The Possible Penalties of Being Charged With DUI/DWI
Last month, Pennsylvania lawmakers wrapped up their legislative session by passing hundreds of new laws on a variety of topics: one of them includes new, tougher penalties on repeat DUI offenders. It also includes the state’s first felony for breaking DUI laws. It’s important to know what possible penalties you can expect whether you’re a first time or repeat offender, and how Ernie Preate, Jr., Former Pennsylvania Attorney General and Lackawanna County District Attorney can help defend you against those charges.
What are the penalties for a general impairment in Pennsylvania?
General impairment means you have a blood alcohol content (BAC) of .08% to .099%. This is what you can expect if you’re found to have a BAC between these limits:
- First offense: There is no recommended jail time for first offenders, but you will be fined $300. Your license won’t be suspended either, but if you refuse to take a breath test, you may get an Interlock Ignition Device (IID) which will prevent your car from starting if you’ve been drinking alcohol.
- Second offense: Expect 5-6 days of jail time with fines ranging between $300-$2,500. Your license will be suspended for a year and you’ll be required to have an IID during your period of license suspension.
- Third offense: You could see anywhere between 10 days and two years of jail time with fines ranging upwards of $5,000. Your license will also be suspended for a year with a required IID during that time.
There are two more levels of DUI: High BAC (.10%-.159%) and Highest BAC (.16% and higher). Convictions on those levels include longer jail time, higher fines, treatment when ordered, and alcohol highway safety school. Now, under the new laws passed in the state, people with a third or fourth conviction of driving with the highest BAC can face felony charges. The new law also imposes a minimum of 5 to 7 years of jail time if you are convicted of homicide by vehicle while driving under the influence.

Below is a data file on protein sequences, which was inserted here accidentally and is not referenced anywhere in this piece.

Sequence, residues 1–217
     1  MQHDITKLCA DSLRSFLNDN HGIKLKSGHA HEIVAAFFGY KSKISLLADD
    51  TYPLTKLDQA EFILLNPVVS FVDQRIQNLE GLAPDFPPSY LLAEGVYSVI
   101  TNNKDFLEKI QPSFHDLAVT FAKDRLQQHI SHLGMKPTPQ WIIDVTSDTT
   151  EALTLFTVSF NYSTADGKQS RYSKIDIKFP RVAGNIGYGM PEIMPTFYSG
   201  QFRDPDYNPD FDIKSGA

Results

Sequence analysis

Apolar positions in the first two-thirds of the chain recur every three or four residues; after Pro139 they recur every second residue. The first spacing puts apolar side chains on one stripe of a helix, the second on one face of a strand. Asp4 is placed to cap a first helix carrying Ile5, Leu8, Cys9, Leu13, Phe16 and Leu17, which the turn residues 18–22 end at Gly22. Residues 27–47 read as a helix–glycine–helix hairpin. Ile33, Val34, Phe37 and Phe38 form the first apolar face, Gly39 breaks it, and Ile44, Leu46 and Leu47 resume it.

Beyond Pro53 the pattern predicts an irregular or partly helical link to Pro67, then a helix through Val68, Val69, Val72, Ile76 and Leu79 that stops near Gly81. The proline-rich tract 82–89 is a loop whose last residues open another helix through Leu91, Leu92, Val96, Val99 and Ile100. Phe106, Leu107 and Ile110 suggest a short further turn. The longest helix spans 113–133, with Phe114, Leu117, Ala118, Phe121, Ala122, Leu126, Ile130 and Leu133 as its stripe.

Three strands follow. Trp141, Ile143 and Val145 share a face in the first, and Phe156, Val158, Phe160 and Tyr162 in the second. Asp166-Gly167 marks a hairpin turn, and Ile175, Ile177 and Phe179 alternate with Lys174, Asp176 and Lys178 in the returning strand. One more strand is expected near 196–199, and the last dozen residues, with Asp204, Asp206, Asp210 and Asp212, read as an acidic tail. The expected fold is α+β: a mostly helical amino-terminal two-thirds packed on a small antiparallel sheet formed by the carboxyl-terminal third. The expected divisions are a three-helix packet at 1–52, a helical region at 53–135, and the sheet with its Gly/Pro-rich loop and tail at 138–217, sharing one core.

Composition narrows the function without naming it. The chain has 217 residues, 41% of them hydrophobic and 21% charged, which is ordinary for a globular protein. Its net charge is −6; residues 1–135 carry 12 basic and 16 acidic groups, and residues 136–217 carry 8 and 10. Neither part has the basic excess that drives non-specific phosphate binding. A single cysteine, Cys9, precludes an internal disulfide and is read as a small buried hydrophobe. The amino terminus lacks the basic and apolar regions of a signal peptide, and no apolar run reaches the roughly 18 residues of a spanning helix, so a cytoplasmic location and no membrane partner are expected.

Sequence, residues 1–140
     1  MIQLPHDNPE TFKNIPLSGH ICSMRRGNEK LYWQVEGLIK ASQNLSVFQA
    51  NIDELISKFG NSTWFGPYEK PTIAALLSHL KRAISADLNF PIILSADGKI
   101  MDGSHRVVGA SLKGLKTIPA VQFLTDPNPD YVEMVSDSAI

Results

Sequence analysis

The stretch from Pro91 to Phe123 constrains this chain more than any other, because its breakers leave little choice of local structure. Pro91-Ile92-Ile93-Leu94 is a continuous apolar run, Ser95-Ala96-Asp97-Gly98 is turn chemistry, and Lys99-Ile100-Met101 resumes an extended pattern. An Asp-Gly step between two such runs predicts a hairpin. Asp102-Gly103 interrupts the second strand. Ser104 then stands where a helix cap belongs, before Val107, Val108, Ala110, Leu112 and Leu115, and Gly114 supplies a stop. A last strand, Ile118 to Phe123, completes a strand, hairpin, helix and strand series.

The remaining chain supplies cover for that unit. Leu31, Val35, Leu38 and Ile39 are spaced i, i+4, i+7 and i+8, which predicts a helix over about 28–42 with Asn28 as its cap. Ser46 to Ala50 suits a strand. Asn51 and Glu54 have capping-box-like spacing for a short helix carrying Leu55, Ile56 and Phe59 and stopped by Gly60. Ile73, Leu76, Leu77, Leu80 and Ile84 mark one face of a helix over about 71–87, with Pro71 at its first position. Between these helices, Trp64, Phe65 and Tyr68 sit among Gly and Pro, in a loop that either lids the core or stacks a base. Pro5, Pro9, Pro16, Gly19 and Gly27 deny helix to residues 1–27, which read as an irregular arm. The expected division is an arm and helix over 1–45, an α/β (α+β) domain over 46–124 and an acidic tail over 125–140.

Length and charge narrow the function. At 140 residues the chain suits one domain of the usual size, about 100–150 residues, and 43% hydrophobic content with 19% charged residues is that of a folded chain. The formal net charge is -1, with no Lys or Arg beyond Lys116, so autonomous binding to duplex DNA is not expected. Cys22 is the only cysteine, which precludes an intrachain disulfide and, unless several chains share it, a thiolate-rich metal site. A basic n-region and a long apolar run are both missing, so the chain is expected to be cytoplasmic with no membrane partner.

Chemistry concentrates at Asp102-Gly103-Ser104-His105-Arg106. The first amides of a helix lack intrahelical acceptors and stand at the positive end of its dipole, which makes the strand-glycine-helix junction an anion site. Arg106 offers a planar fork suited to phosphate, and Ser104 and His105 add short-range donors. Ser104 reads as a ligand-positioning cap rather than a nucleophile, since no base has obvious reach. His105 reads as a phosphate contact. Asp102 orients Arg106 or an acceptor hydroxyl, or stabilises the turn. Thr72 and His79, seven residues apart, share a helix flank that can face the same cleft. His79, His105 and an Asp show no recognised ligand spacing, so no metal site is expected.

What happens if I’m underage and charged with DUI?
Pennsylvania has a zero tolerance law for underage drivers convicted of a DUI. That means offenders will have their license suspended for a year, go to jail anywhere from two days to six months and face fines anywhere between $300 and $10,000 based on BAC and number of offenses.
Can I refuse to take a chemical/breathalyzer test?
Refusing to take a test in Pennsylvania can be costly. That’s because the state has an “implied consent” law, meaning you are required to take a blood, breath or chemical test if you are arrested for driving under the influence. If you take the test and are convicted, it’s possible you may have to reimburse police for the cost of the test. Sometimes the cost of denying a test is worse than a DUI conviction. Refusing to take the test could mean losing your license for a year, and a $500 license reinstatement fee. Second or third offenses have a penalty of 18-month license suspensions and upwards of $2,000 in reinstatement fees. You will also have additional fines, must attend a driving safety school, and possibly community service.
I was pulled over for drunk driving. What should I do next?
Contact DUI attorney Ernest D. Preate, Jr. Esquire immediately at 570-507-7835, or go online to set up a consultation at the Scranton, Pennsylvania offices. We understand that mistakes are made, and we are committed to helping you through your emotional, financial and legal needs by vigorously challenging evidence for the results you desire.